With the RIA industry setting itself up for further consolidation based on the macro trends impacting the industry, the opportunity for peer-to-peer M&A activity is increasing dramatically. Multiple industry studies are anticipating record levels of deal-making in 2018, with volumes expected to increase dramatically in the years to come.
Scale is becoming critical for RIAs to build out centralized infrastructure, deploy the latest operational technology systems, hire professional management and embrace a digital client service experience to match the most successful firms. So much so that many industry experts suggest that firms with less than $200 million to $300 million in AUM may not be sustainable over the long run because they will not be able to afford the needed reinvestment in their businesses and will need to seek out a larger partner.
As a result, many larger and more established RIAs are actively pursuing inorganic growth strategies to take advantage of this industry consolidation movement to attract the thousands of RIAs that are in this target market. However, “buying badly” has the potential to derail firms from their stated missions and distract them from their current business of serving existing clients, as well as unnecessarily increase financial and compliance risks that are often unknown until after the deal has closed.
A successful inorganic growth strategy should be a thoughtful process after firms have shored up their own technology systems, back-office infrastructure, workflows and service models so they have the management and operational capacity and scale to efficiently integrate acquired or merged clients and employees.
So how are larger RIAs successfully closing deals? We recently profiled five well-known and highly successful acquirers of other RIAs (Aspiriant, Beacon Pointe Wealth Advisors, EP Wealth Advisors, Mercer Advisors and Parallel Advisors) for our white paper to glean insights into their strategies and approaches. From this research we have found RIAs that have a successful M&A track record showcase their capitalization, centralized infrastructure, family office services, tax expertise, professional management and investment solutions that ultimately will enhance the selling firm’s client experience.
These serial acquirers also emphasize that transitioning advisers don’t necessarily have to retire and exit their firms just because they have been acquired. Selling advisers are able to free themselves from day-to-day business issues and focus on better serving and growing their client base. In fact, they often report that they are rejuvenated, energized and see a clear path to becoming highly productive again in servicing their client base within their new firm after being acquired — something we call “reversing the burnout.”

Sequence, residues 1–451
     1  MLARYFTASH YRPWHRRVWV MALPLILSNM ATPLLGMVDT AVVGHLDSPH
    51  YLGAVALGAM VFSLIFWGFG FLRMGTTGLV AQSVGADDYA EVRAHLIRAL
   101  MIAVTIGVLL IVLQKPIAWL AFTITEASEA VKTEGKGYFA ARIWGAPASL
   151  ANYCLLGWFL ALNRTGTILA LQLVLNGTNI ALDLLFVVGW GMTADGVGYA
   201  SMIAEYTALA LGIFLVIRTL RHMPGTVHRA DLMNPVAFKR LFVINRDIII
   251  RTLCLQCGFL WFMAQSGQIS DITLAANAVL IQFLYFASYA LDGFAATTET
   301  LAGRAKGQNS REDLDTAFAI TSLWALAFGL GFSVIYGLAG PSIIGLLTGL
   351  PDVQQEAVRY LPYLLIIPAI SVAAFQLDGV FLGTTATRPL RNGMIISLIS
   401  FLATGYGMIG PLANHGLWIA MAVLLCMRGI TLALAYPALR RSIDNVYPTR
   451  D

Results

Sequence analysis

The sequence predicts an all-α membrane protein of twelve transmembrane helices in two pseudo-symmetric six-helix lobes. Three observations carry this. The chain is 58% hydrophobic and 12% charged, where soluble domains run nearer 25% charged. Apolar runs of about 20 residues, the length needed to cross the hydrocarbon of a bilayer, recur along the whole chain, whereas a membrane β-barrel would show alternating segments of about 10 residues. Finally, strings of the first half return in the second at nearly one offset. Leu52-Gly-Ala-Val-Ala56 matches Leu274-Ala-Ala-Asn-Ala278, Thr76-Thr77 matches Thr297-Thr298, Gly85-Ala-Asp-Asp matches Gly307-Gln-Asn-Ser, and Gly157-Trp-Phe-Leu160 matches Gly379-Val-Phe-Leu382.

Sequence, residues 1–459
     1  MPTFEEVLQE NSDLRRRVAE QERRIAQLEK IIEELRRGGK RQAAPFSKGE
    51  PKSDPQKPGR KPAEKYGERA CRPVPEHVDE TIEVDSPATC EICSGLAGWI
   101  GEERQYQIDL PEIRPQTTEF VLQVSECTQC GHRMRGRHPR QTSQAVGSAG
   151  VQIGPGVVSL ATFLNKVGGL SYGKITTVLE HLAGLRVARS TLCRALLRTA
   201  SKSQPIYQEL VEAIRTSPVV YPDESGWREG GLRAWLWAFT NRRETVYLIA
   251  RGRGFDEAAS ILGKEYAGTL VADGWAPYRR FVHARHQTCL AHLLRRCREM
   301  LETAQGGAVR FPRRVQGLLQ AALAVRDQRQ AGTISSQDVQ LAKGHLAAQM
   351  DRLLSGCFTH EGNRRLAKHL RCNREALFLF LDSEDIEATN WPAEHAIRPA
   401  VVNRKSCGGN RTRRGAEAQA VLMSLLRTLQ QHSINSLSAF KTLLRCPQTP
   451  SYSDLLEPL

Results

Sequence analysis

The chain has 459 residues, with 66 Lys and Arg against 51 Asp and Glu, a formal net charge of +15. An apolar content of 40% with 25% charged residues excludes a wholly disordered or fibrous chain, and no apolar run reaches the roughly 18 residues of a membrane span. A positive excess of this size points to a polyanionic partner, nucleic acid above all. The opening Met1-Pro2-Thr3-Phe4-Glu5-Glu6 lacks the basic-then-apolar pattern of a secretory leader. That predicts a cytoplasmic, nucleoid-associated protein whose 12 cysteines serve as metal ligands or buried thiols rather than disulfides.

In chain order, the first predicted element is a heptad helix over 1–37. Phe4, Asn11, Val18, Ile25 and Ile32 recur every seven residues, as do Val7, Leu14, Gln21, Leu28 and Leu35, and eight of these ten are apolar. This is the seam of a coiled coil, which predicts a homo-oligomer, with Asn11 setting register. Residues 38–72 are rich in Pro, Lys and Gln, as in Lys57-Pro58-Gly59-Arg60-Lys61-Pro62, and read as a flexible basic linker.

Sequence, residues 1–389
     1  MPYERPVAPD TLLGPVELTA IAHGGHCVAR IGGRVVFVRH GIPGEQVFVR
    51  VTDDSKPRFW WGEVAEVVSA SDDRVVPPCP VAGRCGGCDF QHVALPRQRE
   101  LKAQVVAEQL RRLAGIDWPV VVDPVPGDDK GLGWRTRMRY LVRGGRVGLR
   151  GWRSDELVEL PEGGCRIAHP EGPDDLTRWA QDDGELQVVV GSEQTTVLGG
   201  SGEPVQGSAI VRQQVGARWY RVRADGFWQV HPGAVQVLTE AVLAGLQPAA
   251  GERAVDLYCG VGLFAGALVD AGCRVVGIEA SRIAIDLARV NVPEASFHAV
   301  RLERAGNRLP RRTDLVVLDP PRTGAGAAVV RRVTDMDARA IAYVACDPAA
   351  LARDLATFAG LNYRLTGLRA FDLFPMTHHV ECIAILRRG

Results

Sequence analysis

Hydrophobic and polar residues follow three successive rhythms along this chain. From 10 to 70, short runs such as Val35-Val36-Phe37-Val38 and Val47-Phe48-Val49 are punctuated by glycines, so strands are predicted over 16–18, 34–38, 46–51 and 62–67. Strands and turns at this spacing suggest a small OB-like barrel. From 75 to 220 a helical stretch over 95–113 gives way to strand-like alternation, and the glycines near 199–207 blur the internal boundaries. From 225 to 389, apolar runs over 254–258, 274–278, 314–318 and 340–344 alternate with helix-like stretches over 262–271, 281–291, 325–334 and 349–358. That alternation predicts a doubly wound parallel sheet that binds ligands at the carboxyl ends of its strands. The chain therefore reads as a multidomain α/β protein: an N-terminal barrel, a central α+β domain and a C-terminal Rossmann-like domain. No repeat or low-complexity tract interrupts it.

For RIAs who are seriously interested in pursuing inorganic growth, our research with top firms active in the merger and acquisition game reveals some very direct next steps that need to be implemented before jumping into the M&A arena.
To be successful, an acquiring RIA’s pitch needs to focus on the reasons advisers got into the business in the first place: to serve clients and ensure they are taken care of in a way that they had always envisioned.
As part of that personalized approach, selling advisers often didn’t foresee the operational responsibilities and back-office management that they would inherit from running their own business — something that larger, better-resourced RIAs can quickly and easily absorb, freeing up the advisers to better cater to their clients.
In order to deliver on this promise, acquiring RIAs need to have a proven client service model, an efficient operations infrastructure and access to additional planning and investing resources so that the selling adviser’s clients will have a better experience than they are currently provided. Additionally, being able to showcase the ability to market via custodial referral programs, systematized marketing approaches and other organic growth strategies inherent in the firm goes a long way to demonstrating why they, their staff and their clients will be better off as part of a larger organization.
Thus, before heading down this path, it is critical that potential RIA buyers have an efficient infrastructure, professional management, best-in-class technologies, institutionalized client service models and an airtight compliance process. A good next step is to engage industry operations and technology consultants to perform a pre-M&A diagnostic to highlight areas that need improvement and actions to take to be on par with, or differentiate the firm from, the other sophisticated professional buyers out there.
According to these top RIA acquirers, the opportunity is there for the taking, but only for those that are prepared.
This article originally appeared on InvestmentNews.